Video: The light bulb goes … off
posted at 12:15 pm on October 6, 2009 by Ed Morrissey
I blame all of our woes on Thomas Edison. If he hadn’t insisted on creating the first practical incandescent light bulb, why, we all would still be living in a Luddite paradise, albeit a dark one. We could still burn oil lamps — er, no, that throws off carbon, too. How about candles? Better to light a single candle than to curse the darkness, after all. And that’s true, as long as it’s a single candle, and not a bunch of them, or your carbon footprint might equal that of Godzilla, or Al Gore, whichever is bigger.
Nick Gillespie at Reason takes a critical look at the abolitionist movement aiming at Edison’s world-changing invention, and the poor replacement that bureaucrats will leave us:
In September, the European Union banned the sale of 100-watt incandescent light bulbs, with lawbreakers facing up to $70,000 in fines. Over the next few years, bans on lower-wattage bulbs kick in. In the United States, similar legislation comes into play in 2012. The idea is to kickstart the market for compact fluorescent lights (CFLs), which use less energy than conventional incandescents. Although CFLs present any number of problems (even beyond a much higher initial cost), governments all over the globe are determined to make them the new standard.
Invented in its modern form by Thomas Edison in 1879, the light bulb became synonymous with a brilliant idea. Now, it seems, it’s just one more symbol of a nanny state that increasingly dictates more choices in our public and private lives.
Two years ago, I began replacing my incandescents with CFLs, mostly to help save energy and replacement costs. Reason correctly states that CFLs give off an inferior level and quality of light and do not work with dimmers, which actually helps reduce the energy costs of incandescents. But the biggest problem with CFLs is not the noticeably poorer quality of the light, but the clean-up they require when they break, as I wrote a year and a half ago:
What happens when an incandescent bulb hits the floor? Simple: sweep it up, and try not to step on a shard of glass with bare feet. Here’s how people need to handle a broken CFL:
1. Open a window and leave the room for 15 minutes or more.
2. Shut off the central forced-air heating/air conditioning system, if you have one.
3. Carefully scoop up glass fragments and powder using stiff paper or cardboard and place them in a glass jar with metal lid (such as a canning jar) or in a sealed plastic bag.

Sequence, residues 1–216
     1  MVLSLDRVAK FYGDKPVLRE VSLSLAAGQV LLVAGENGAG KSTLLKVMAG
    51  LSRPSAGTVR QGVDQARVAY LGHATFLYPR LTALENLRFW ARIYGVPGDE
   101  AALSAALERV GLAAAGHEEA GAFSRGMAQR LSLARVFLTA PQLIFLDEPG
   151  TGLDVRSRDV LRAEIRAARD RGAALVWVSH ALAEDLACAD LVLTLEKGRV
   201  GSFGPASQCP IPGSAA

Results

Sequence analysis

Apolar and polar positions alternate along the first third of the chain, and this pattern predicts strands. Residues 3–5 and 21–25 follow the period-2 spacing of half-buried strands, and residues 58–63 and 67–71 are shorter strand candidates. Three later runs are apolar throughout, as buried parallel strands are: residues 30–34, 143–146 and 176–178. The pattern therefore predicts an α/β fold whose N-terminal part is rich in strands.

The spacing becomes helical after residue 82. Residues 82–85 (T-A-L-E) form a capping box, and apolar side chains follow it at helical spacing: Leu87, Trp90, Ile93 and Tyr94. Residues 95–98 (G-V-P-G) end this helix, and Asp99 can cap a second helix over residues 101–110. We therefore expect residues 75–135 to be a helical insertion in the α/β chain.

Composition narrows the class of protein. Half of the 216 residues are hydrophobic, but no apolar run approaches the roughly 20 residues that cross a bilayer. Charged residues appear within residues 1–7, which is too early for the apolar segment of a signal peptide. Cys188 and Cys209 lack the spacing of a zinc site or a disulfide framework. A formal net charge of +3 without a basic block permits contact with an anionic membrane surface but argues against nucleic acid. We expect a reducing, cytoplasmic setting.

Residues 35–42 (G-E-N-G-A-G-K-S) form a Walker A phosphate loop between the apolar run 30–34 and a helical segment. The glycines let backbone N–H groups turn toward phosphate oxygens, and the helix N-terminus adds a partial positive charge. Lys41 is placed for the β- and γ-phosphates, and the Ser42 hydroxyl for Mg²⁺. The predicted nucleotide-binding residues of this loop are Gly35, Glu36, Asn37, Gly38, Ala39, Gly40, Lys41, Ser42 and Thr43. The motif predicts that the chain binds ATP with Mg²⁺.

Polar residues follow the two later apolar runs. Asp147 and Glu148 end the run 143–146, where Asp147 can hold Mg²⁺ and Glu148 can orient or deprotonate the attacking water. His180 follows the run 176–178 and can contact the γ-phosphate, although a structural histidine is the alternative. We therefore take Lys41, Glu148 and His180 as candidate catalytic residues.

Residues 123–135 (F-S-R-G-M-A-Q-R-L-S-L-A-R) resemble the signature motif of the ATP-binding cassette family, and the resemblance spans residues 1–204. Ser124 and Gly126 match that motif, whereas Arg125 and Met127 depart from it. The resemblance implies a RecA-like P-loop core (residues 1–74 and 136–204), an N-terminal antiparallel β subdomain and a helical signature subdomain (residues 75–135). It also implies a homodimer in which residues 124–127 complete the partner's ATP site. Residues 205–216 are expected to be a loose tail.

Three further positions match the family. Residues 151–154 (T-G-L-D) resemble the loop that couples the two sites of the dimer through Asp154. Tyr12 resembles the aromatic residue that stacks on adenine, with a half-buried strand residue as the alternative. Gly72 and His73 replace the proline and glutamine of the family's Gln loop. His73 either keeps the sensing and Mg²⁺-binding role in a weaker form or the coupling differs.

4. Use sticky tape, such as duct tape, to pick up any remaining small glass fragments and powder.
5. Wipe the area clean with damp paper towels or disposable wet wipes and place them in the glass jar or plastic bag.
6. Do not use a vacuum or broom to clean up the broken bulb on hard surfaces.
7. Immediately place all cleanup materials outside the building in a trash container or outdoor protected area for the next normal trash.
8. Wash your hands after disposing of the jars or plastic bags containing cleanup materials.
9. Check with your local or state government about disposal requirements in your specific area. Some states prohibit such trash disposal and require that broken and unbroken lamps be taken to a recycling center.
10. For at least the next few times you vacuum, shut off the central forced-air heating/air conditioning system and open a window prior to vacuuming.
11. Keep the central heating/air conditioning system shut off and the window open for at least 15 minutes after vacuuming is completed.
In other words, we’re saving a few pennies at best on energy costs with CFLs over incandescents — and in return, making our homes potential toxic-waste areas and polluting landfills with mercury. It’s an insane policy that can only be justified by radical environmentalist lunatics.
Update: While on the subject of environmental lunacy, watch what happens when a journalist tries to ask a few tough questions of activists:
The Age Of Stupid preaches the doomsday scenario of human extinction by 2055 and says humans will be to blame for their own demise because they fly too much. But Franny Armstong, director of The Age of Stupid, and many of the people at the movie’s premiere flew to New York for the party. Phelim [McAleer] put them on the spot for flying while trying to deny that travel right to others.
His pointed questions didn’t sit well with the organizers of the event or the environmentalists who attended. The film makers and their security team ejected Phelim despite the fact that he had journalistic credentials to cover the event and had done exactly what journalists are supposed to do — ask probing questions.
As Phelim tried to continue his reporting from the sidelines, the security team repeatedly blocked his camera and his view of the environmentalists headed into the premiere.
The Age of Stupid, indeed.